A report in The Sydney Morning Herald on 1 May 2012 pointed out that turning the heating up or down can be a source of tension in many households, and Prince Charles’ home, Highgrove, is no exception.
This came from a story in the London Daily Telegraph on 30 April 2012 by Gordon Rayner,” The Prince of Wales: why I have to fight over the heating thermostat at Highgrove”
In an interview with the TV presenter Kirstie Allsopp Prince Charles had hinted at battles with the Duchess of Cornwall over his preference for wearing extra clothes rather than turning up the thermostat as he made a virtue of penny-pinching.
But in a letter published in The Herald on the day following the report, the newspaper was criticised for its approach. Paul Bugeja of Sans Souci, NSW, who wrote:
“I was disappointed to read a small article in yesterday's Herald about the Prince of Wales with the headline ''Prince lives like pauper''.
“Prince Charles is committed to living an environmentally responsible life. At a time when even small moves by consumers to be more mindful of energy use, recycling and not over-consuming could make a difference to the parlous state of our planet, Prince Charles, with all the money available to him, is a positive role model.
“It also sadly indicates the media still doesn't understand that poking fun at such people is ugly and undignified. Prince Charles is princely in every sense of the word.”
…Prince Charles speaks…
“I don’t mind keeping the heating down as long as I can have a hot bath,” the Prince had told Ms. Allsopp. (The full interview appears in the June issue of Good Housekeeping, on sale in London on 3 May.)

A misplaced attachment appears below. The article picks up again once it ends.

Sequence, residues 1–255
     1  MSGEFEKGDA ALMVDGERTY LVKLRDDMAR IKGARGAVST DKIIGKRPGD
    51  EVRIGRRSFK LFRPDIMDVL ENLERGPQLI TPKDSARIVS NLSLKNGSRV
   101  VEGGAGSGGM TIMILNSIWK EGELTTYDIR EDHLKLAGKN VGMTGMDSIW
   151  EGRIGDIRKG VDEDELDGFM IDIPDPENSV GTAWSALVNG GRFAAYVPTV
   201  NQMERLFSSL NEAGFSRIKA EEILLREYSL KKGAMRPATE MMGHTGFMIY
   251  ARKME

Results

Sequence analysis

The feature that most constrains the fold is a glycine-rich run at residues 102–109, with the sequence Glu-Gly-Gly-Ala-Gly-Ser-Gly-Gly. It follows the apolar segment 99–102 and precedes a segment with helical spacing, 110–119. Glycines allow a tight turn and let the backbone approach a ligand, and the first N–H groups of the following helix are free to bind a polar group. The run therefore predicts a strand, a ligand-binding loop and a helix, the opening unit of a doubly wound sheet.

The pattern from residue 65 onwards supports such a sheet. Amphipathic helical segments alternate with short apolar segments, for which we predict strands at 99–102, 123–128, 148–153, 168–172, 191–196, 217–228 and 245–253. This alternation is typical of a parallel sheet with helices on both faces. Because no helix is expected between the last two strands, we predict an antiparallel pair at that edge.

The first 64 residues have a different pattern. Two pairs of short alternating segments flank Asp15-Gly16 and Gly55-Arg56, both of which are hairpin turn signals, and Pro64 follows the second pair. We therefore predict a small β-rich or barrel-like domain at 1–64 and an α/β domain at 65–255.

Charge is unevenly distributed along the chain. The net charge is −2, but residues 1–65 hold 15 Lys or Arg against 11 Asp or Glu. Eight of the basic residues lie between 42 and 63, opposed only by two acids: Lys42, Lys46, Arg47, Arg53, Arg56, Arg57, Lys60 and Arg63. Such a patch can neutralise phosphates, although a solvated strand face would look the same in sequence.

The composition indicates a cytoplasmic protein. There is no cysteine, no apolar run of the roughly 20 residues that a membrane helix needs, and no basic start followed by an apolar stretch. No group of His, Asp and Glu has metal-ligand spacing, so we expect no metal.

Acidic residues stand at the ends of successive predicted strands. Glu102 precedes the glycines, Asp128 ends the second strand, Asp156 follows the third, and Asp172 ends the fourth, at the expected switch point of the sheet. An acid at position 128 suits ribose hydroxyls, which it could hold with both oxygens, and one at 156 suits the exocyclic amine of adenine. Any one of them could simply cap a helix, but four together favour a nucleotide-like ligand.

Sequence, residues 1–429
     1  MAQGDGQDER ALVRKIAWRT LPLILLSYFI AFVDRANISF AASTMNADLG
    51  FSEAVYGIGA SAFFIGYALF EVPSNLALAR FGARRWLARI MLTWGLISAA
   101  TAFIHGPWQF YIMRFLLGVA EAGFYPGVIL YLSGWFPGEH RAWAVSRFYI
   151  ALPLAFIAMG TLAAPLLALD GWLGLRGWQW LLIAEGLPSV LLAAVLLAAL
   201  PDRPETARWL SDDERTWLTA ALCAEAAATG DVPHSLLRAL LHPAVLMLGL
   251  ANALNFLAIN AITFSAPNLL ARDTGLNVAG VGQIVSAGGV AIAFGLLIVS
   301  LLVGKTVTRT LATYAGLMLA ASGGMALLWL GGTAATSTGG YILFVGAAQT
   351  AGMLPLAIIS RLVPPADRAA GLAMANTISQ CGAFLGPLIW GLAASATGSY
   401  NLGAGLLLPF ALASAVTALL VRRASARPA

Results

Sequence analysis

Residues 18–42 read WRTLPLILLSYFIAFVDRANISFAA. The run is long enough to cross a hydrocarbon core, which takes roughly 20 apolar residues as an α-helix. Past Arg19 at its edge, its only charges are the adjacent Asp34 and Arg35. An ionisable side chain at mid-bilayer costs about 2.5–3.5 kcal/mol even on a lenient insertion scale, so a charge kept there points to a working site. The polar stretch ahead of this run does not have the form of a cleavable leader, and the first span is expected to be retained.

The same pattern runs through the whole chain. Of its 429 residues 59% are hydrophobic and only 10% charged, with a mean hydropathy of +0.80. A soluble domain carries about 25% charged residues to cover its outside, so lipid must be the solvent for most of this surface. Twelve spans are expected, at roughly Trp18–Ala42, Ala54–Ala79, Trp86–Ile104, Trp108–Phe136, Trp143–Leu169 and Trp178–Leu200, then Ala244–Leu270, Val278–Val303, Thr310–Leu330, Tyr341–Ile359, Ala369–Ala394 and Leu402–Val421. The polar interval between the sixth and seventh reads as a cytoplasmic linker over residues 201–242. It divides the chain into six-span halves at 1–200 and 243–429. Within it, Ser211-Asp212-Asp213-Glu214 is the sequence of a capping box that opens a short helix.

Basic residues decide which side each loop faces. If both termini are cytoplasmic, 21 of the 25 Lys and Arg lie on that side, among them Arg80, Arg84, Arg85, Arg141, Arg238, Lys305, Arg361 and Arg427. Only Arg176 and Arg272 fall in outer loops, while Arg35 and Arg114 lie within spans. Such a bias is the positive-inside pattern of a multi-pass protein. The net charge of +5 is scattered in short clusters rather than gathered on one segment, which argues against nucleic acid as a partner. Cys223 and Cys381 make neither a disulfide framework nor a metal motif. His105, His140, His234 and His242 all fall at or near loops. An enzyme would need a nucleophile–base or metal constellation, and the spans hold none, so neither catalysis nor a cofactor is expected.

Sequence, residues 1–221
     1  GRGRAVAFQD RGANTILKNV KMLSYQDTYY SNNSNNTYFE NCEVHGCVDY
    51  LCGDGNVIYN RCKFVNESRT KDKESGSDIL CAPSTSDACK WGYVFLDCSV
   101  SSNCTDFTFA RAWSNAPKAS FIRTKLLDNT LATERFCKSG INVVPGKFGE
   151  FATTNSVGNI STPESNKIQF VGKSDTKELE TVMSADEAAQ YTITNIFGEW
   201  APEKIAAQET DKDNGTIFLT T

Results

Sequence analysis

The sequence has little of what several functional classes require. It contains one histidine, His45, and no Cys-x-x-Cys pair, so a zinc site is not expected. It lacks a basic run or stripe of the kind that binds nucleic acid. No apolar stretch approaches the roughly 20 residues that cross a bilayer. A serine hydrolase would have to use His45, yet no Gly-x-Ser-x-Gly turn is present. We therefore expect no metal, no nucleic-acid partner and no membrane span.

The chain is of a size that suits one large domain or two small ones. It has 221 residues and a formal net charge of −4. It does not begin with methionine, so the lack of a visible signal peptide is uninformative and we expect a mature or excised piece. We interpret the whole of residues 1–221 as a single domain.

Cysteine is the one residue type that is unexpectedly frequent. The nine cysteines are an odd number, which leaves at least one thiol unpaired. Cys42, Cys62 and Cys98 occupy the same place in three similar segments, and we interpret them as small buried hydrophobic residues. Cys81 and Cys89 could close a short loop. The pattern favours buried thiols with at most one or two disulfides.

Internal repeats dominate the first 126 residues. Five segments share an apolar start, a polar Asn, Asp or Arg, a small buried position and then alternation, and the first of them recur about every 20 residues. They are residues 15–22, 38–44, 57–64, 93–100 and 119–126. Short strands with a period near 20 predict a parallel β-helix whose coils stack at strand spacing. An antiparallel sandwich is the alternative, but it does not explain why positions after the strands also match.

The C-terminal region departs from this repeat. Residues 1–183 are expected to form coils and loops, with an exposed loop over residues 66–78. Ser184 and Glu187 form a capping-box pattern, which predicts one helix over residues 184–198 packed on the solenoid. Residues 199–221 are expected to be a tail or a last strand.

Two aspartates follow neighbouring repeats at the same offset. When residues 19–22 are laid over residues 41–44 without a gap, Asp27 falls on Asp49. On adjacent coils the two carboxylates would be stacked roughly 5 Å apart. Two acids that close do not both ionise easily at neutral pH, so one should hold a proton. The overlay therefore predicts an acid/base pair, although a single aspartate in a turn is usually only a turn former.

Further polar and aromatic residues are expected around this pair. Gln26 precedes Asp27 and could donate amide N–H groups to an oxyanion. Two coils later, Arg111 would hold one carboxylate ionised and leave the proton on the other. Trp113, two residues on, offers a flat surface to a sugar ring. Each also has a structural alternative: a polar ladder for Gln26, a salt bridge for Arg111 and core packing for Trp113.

“Most people think it is too cold. I never hear the end of it. But I am one of those people who have a strange circulation. I think I have inherited it from Queen Victoria who also liked sitting in a draft.”
The Telegraph says the Prince is a passionate advocate of recycling, and discloses the lengths to which he goes to practise what he preaches.
“I hate throwing things away,” he said. “I am always trying to find ways of re-using things. There are bits of this, bits of that everywhere. For example, we’ve had to take curtains down in my bathroom and I was seeing how we could make cushions out of them.
“[If] you throw things away and they languish somewhere, then you regret the fact that someone is making a vast amount of money out of all the things you’ve chucked out.
“It is one of the things that has driven me mad all my life. I’ve often stopped people throwing things away; all those wonderful Victorian lavatories, for example.
“I put my bathwater on the garden in the summer – it all helps.”
The Prince makes no apologies for his refusal to keep up with fashion trends, preferring his rigid adherence to double-breasted suits and favourite old overcoats, the report states.
“I’m like a stopped clock,” he said. “I am only ‘with it’ once every 25 years, because it all comes around again.”
The heir to the throne even believes Kindles and e-books will be a passing fad, and that “real” books will never go out of fashion.
“We have Wi-Fi and all sorts of modern things at Highgrove – I’m not saying you’ve got to go back to medieval days,” he said.
“People tend to go berserk over the latest things but before long the novelty wears off. How sad if you were to chuck away all the books, only to find that eventually it comes round again, because I’m sure people will rediscover the joy of a real book.”
The Prince joked that his hobbies of painting and hedge-laying keep him “sane…ish!” and told Miss Allsopp, an ambassador for the Prince’s Foundation for Building Community, that his sons pull his leg about his constant speeches on environmental issues.
“They say ‘Oh, he’s on again’, you know. But you never quite know with your children, do you? Because although they may pull your leg all the time, sometimes you find out later they have talked to other people about it.”